Ex-Bunnell police officers Lisa and John Murray, who are married, were arrested on June 16 on six felony charges–police misconduct for both, evidence tampering, crack possession and grand theft for John Murray.
- Ex-Bunnell Cops Lisa and John Murray, Facing 6 Felonies, Angle for 6 Trials–and Pleas
- 2 Bunnell Cops Arrested; Commissioner Flynt Embroiled in Favoritism Allegations
- The State Attorney’s Report
- State Report Details Disturbing Patterns at Bunnell PD and Favors For Comm. Jimmy Flynt
- Jimmy Flynt’s Ex-Cop Friends
The arrest was part of a wider investigation into disturbing irregularities within the Bunnell Police Department, including instances of systemic favoritism that benefited Bunnell Commissioner Jimmy Flynt’s towing service, intimidation of drivers at traffic stops, and legalized extortion: the city had passed an ordinance enabling police to seize vehicles whose owners were charged with certain misdemeanors, in contravention of state law, which forbids seizing vehicles for less than felony charges. That issue was resolved last month when the city commission rescinded that ordinance and put in place a mechanism for vehicle owners to reclaim the $350 fee they were wrongfully charged (but not the hundreds of dollars they also had to pay ant of three towing services, including Flynt’s, that profited from the scheme). The city is not making more than minimal efforts to inform vehicle owners that they may get their money back.
The State Attorney’s investigation that unraveled the Bunnell Police Department’s problems left many questions unanswered. Left dangling, for example, is the matter of favoritism toward Flynt, who not only benefited from towing vehicles outside the officially sanctioned towing rotation, but also had access to the city dump, where he disposed of tires on his own, without paying tire-disposal fees required by state law. He had been given a remote-control device to enter the city’s dump at will–also an unresolved matter. All along, Bunnell Police Chief Arthur Jones and Bunnell City Manager Armando Martinez (who is the city’s chief law enforcement officer) have said that they were unaware of the irregularities, the favoritism, or the evidence tampering that involved John Murray.
Even after Murray was arrested, some of the evidence that disappeared ion his watch mysteriously reappeared in his office. That issue has never been resolved, which means that someone inside the department other than Murray was unquestionably involved in evidence tampering–and may still be in that department.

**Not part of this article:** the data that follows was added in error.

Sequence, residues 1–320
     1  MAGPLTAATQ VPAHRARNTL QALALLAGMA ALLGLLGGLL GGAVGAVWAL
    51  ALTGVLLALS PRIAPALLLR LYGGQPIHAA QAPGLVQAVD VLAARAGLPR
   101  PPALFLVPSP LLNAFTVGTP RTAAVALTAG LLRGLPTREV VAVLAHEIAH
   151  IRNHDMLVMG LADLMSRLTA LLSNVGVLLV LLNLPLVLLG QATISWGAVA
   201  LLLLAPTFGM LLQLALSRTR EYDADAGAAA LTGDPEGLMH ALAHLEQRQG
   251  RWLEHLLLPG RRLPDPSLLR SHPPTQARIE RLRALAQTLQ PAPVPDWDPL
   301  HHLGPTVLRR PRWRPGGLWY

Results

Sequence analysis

State Attorney invesitigators raised the issue of John Murray’s evidence tampering during an interview with Jones. But at every point, Jones made sure to steer the issue back to Murray:
“It begs the question,” the investigator says. “If it was somebody else, and I’m Lt. Murray, and I’ve got evidence in my office, and I keep that locked, and in my desk drawer I see evidence envelopes that are cut open with evidence missing, the first thing I know to do as the evidence custodian is go tell my boss. Look what I’ve discovered, in my desk, in my locked office, here’s a large amount of evidence that somebody’s opened, unsealed and removed.”
“Exactly,” Jones says.
“So it wasn’t like it was thrown away somewhere [garbled] or whatever. It was there in his workspace every day, under the desk, in the desk, in the drawers.”
“Which is what I would have said to him, to cooperate. You know, there’s no way he could not have known, that amount of evidence, and the condition of the evidence in that office, and nobody else could have been in that office with that type of evidence being already tampered with in some instances, or just laying around in his office in other instances, that he could not have known about, so yes, and if he knew about it, and he know as an administrator [sic.] what his next step should have been, but I can’t see nobody else going in his office doing that so he had to be the one.”
Watch the interview excerpt:
In the following clip, Jones reacts with disbelief over the way two people were stopped and wrongfully charged:
On Monday, the Murrays’ attorney, Mike Lambert, successfully argued before Circuit Court Judge Kim Hammond that the six charges the two ex-cops face should be separated. Should they go to trial, Lambert said, they should be tried on each count separately. The state did not object, and the judge agreed, which means that the judicial system would foot the bill–and be required to invest the time–for six separate trials, recruiting six separate juries, to decide the Murrays’ fate. Their cases are not likely to go that far: deals are in the works.
In the following clip, Dawn Davis, John Murray’s ex-girlfriend, describes how he used to supply her with pain pills:
The matter is nowhere near being resolved. Flynt and the Murrays have remained close since the end of the inquiry, and Flynt as a commissioner never addressed the issue, either to his colleagues or to the public. Flynt’s business is teetering: Flagler County Sheriff Don Fleming bumped Flynt’s company off the towing rotation (though the Florida Highway Patrol continues to use Flynt’s services). And the many questions raised by the State Attorney’s inquiry–including the mystery of the disappearing and reappearing evidence, the favoritism, the chronic laxity in accountability–have been left dangling.